* France says rebel weapons force Syrian jets higher
* High-altitude bombing is indiscriminate-Fabius
* Video shows rebels using shoulder-held missiles
PARIS, Oct 17 Syrian rebels have acquired heavy
weapons that have forced the government's air force to bomb
rebel-held zones indiscriminately from high altitude, France's
foreign minister said before meeting rebel groups on Wednesday.
Laurent Fabius, one of Syrian President Bashar al-Assad's
harshest critics, made his comments ahead of a closed door
conference in Paris with civilian members of rebel councils that
run areas seized from central government control.
They included representatives from Maarat al-Numan, a town
whose seizure last week cut the main route from Damascus to
"In a certain number of these zones, Bashar al-Assad is
bombarding them with MiG fighter jets, and what is particularly
horrible is that he is bombarding them with TNT," Fabius said.
"But at the same time there are now weapons that are forcing
the planes to fly extremely high, and so the strikes are less
accurate," he told reporters.
Amateur footage of rebels using shoulder-mounted
surface-to-air missiles have emerged in recent days. On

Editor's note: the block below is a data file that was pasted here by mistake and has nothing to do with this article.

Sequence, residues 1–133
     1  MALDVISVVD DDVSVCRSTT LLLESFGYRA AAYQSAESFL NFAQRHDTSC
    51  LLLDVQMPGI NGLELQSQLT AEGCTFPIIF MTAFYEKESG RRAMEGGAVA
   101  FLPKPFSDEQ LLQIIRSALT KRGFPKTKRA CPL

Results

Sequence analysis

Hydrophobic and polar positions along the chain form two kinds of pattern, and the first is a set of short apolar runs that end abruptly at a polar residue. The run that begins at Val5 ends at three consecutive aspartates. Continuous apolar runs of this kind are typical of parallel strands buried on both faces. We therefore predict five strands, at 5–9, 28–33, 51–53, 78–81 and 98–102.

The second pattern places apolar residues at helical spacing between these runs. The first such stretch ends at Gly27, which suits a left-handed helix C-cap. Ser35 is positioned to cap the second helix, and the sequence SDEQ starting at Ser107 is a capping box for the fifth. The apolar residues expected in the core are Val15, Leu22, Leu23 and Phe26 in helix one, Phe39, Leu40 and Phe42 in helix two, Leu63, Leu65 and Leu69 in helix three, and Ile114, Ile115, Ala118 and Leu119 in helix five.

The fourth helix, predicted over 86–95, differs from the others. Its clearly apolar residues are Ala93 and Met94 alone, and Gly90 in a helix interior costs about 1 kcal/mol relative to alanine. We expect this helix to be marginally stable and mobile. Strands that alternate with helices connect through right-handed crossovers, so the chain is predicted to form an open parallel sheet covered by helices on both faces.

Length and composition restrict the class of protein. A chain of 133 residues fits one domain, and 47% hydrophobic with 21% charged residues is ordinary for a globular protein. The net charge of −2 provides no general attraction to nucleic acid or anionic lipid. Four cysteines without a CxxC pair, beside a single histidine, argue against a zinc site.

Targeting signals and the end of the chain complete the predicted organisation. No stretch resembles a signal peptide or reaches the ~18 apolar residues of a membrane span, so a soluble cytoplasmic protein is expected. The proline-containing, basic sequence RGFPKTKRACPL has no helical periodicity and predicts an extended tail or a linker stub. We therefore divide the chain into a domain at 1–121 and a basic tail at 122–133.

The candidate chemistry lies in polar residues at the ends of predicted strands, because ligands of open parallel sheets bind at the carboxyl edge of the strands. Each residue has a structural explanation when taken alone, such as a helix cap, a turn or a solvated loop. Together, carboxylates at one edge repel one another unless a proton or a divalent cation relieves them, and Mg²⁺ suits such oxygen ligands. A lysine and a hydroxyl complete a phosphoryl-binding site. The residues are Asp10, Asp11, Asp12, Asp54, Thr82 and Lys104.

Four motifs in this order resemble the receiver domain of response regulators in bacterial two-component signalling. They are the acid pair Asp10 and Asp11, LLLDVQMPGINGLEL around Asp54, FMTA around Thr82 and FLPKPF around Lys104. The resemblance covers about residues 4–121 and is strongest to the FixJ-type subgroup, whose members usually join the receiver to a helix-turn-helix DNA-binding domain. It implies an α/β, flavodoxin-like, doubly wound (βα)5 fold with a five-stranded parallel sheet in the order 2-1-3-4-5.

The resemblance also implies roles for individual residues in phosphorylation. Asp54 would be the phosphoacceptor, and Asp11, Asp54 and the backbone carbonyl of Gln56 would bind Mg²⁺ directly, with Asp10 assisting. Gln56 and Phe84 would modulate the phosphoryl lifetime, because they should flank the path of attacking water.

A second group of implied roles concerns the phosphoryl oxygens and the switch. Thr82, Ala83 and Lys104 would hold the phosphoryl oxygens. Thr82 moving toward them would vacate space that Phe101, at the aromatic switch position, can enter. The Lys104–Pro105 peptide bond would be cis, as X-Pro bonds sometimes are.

Wednesday, activists posted videos of what they said was a
Syrian military helicopter spiralling to the ground and
exploding in flames.
Rami Abdelrahman, head of the Syrian Observatory for Human
Rights, said that the helicopter had been downed near Maarat
al-Numan. "Some rebels say they used anti-aircraft missiles," he
told Reuters by phone from Britain.
Fabius said Syrian government forces were also
indiscriminately dropping cluster bombs, a charge levelled by
Human Rights Watch on Sunday but denied by
Cluster bombs explode in the air, scattering dozens of
smaller bomblets over an area the size of a sports field. Most
nations have banned their use under a convention that became
international law in 2010, but which Syria has not signed.
Outgunned rebels have struggled to turn the tide of the
19-month conflict against government forces equipped with tanks,
jets and helicopter gunships.
Western powers have been reluctant to arm the insurgents
because they lack a coherent leadership and because of fears
that weapons could end up in the hands of Islamist militants who
are increasingly evident in the conflict.
France began channelling money and humanitarian aid to
rebel-held parts of Syria in August so that the areas could run
themselves as part of efforts to create an alternative to the
However, the French plan falls well short of the
foreign-protected safe havens the opposition says it needs and
offers little hope of relief to civilians fleeing the chaos.
Russia, which has been Assad's primary arms supplier, and
China have vetoed three resolutions favoured by Western powers
condemning Syrian authorities and opening the way to U.N.
sanctions on Damascus.
Fabius said Moscow's stance would only cement chaos in
Syria, adding that he had told Russian Foreign Minister Sergei
Lavrov that: "If you continue to oppose a change of regime, then
the extremists risk taking control."